PMCID: PMC3978563  PMID: 24286214
18.  Short-Term Overfeeding Increases Circulating Adiponectin Independent of Obesity Status 
PLoS ONE  2013;8(8):e74215.
Adiponectin is an adipose tissue derived hormone which strengthens insulin sensitivity. However, there is little data available regarding the influence of a positive energy challenge (PEC) on circulating adiponectin and the role of obesity status on this response.
The purpose of this study was to investigate how circulating adiponectin will respond to a short-term PEC and whether or not this response will differ among normal-weight(NW), overweight(OW) and obese(OB).
We examined adiponectin among 64 young men (19-29 yr) before and after a 7-day overfeeding (70% above normal energy requirements). The relationship between adiponectin and obesity related phenotypes including; weight, percent body fat (%BF), percent trunk fat (%TF), percent android fat (%AF), body mass index (BMI), total cholesterol, HDLc, LDLc, glucose, insulin, homeostatic model assessment insulin resistance (HOMA-IR) and β-cell function (HOMA-β) were analyzed before and after overfeeding.
Analysis of variance (ANOVA) and partial correlations were used to compute the effect of overfeeding on adiponectin and its association with adiposity measurements, respectively. Circulating Adiponectin levels significantly increased after the 7-day overfeeding in all three adiposity groups. Moreover, adiponectin at baseline was not significantly different among NW, OW and OB subjects defined by either %BF or BMI. Baseline adiponectin was negatively correlated with weight and BMI for the entire cohort and %TF, glucose, insulin and HOMA-IR in OB. However, after controlling for insulin resistance the correlation of adiponectin with weight, BMI and %TF were nullified.
Our study provides evidence that the protective response of adiponectin is preserved during a PEC regardless of adiposity. Baseline adiponectin level is not directly associated with obesity status and weight gain in response to short-term overfeeding. However, the significant increase of adiponectin in response to overfeeding indicates the physiological potential for adiponectin to attenuate insulin resistance during the development of obesity.
PMCID: PMC3758269  PMID: 24023698
19.  Relatively high levels of serum adiponectin in obese women, a potential indicator of anti-inflammatory dysfunction: Relation to sex hormone-binding globulin 
It is unclear whether serum adiponectin concentrations diminish linearly with increasing adiposity and, if not, which factors codetermine this association. These issues were investigated cross-sectionally in 1188 men and women, representative of middle-aged and elderly Turkish adults. Serum total adiponectin was assayed by ELISA. Serum adiponectin values in men, though declining significantly in transition from the bottom to the mid tertile of body mass index (BMI) and waist circumference (WC), were similar in the two respective upper tertiles. In women, serum adiponectin concentrations were not significantly different in any tertile of these indices, were significantly correlated with BMI or WC within the low tertiles and not within the two higher tertiles. In a linear regression analysis for WC (or BMI) in a subset of the sample in which serum sex hormone-binding globulin (SHBG) was available and which additionally comprised adiponectin, fasting insulin and other confounders, only insulin and, in women SHBG, were significantly associated, but not adiponectin. In linear regression analyses for covariates of adiponectin in two models comprising 12 variables, insulin and SHBG concentrations were significantly associated in both genders though not BMI. Whereas in men HDL-cholesterol and CRP were covariates of adiponectin (both p<0.01), SHBG and apolipoprotein B positively associated in women (p<0.001), independent of BMI and fasting insulin levels.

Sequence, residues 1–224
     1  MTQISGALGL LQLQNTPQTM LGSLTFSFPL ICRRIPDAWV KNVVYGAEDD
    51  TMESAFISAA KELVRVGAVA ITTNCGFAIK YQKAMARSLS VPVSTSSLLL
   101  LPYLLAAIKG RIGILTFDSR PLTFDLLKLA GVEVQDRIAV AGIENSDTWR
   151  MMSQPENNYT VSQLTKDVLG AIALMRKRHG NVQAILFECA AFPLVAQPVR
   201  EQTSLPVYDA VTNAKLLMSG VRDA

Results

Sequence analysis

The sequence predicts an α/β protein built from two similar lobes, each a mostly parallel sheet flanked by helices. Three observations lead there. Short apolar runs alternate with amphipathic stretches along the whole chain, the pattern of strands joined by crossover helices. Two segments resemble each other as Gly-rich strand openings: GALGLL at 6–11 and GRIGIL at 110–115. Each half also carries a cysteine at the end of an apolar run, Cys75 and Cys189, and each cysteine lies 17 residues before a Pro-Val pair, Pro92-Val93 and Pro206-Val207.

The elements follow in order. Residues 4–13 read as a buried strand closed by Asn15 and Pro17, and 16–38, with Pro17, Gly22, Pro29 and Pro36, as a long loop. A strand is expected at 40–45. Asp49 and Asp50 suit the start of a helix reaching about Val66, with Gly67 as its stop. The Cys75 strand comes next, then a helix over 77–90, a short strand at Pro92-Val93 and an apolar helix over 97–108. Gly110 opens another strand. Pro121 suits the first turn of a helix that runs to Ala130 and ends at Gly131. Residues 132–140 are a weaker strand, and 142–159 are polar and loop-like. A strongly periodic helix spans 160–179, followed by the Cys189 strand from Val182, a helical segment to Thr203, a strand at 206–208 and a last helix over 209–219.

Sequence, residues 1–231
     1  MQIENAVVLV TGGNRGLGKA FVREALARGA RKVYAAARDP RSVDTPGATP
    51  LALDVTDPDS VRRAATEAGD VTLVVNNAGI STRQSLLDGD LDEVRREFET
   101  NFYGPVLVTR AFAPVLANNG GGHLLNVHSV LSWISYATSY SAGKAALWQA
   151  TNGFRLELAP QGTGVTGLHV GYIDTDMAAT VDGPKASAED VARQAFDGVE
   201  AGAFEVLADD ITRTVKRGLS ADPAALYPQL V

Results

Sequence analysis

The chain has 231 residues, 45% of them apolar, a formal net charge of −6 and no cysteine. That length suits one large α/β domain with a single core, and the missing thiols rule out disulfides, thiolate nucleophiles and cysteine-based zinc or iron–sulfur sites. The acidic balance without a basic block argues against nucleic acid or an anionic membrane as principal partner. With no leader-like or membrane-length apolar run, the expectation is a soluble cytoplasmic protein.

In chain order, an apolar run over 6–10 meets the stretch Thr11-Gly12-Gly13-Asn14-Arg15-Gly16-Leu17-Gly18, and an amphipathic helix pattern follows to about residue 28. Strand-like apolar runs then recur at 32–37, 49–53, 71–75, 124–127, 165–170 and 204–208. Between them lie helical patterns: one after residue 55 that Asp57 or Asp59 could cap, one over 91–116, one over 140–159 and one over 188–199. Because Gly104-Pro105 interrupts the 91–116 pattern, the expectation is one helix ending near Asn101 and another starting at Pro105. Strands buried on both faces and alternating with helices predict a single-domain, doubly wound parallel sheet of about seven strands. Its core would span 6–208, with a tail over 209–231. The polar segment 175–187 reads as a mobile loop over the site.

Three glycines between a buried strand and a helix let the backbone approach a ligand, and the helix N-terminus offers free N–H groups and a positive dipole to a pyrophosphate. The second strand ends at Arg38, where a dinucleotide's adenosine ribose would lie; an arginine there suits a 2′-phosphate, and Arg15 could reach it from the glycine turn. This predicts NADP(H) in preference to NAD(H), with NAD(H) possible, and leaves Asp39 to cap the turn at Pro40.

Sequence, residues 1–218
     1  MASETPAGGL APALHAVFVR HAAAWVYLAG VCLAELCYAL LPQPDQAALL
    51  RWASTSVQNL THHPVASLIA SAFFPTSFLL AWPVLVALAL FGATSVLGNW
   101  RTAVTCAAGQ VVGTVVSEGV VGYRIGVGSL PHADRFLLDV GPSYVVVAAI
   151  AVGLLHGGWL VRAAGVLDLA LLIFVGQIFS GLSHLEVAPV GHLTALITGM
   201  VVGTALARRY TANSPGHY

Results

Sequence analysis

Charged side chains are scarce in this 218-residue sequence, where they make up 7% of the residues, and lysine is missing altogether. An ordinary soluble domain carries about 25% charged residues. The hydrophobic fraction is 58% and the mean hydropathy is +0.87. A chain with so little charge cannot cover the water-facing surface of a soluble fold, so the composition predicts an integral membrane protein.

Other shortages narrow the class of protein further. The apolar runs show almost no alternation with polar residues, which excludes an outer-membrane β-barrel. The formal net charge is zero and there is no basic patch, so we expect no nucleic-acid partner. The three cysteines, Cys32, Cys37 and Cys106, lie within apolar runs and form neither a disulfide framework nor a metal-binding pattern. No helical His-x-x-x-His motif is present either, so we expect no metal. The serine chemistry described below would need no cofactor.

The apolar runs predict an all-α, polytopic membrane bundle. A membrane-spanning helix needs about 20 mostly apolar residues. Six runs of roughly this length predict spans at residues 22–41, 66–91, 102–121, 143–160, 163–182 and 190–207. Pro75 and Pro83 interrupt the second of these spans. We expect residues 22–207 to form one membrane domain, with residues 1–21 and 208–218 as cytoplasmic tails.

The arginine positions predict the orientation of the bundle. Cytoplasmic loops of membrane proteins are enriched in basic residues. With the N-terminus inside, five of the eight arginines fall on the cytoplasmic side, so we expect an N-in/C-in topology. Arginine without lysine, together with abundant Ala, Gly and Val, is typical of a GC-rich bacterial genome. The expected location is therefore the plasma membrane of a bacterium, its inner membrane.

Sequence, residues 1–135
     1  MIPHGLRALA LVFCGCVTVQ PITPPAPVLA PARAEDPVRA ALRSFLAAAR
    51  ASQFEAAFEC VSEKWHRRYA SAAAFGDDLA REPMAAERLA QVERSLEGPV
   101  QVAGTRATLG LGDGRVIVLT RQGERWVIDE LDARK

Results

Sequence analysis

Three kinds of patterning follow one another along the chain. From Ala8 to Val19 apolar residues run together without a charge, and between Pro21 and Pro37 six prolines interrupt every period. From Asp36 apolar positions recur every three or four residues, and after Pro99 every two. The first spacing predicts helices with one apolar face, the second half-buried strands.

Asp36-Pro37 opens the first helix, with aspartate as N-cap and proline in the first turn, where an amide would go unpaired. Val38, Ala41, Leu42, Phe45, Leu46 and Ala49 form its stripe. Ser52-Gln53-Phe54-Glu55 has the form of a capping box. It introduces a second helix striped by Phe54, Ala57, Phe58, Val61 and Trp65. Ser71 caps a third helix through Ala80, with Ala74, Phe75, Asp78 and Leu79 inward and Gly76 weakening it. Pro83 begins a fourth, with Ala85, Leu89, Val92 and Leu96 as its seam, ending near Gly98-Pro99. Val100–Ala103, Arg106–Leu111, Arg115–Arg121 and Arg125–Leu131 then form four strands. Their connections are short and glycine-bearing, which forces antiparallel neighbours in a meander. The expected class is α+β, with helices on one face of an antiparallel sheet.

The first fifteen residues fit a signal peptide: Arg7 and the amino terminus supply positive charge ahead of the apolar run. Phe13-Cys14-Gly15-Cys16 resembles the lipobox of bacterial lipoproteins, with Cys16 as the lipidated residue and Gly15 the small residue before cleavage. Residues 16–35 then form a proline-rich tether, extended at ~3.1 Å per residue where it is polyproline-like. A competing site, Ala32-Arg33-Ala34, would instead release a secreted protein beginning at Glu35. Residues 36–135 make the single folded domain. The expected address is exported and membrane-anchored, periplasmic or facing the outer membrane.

Conclusions: Relationship between excess adiposity and adiponectin levels is inconsistent in Turkish adults. Independently from obesity and hyperinsulinemia, serum adiponectin discloses significant relationship with inflammatory markers and HDL only in men, not in women in whom it is influenced by SHBG, with consequent attenuation of its anti-inflammatory activities.
PMCID: PMC2491727  PMID: 18695734
Adiponectin; anti-inflammatory function; gender difference; waist circumference; obesity; sex hormone-binding globulin
20.  Comprehensive analysis of circulating adipokines and hsCRP association with cardiovascular disease risk factors and metabolic syndrome in Arabs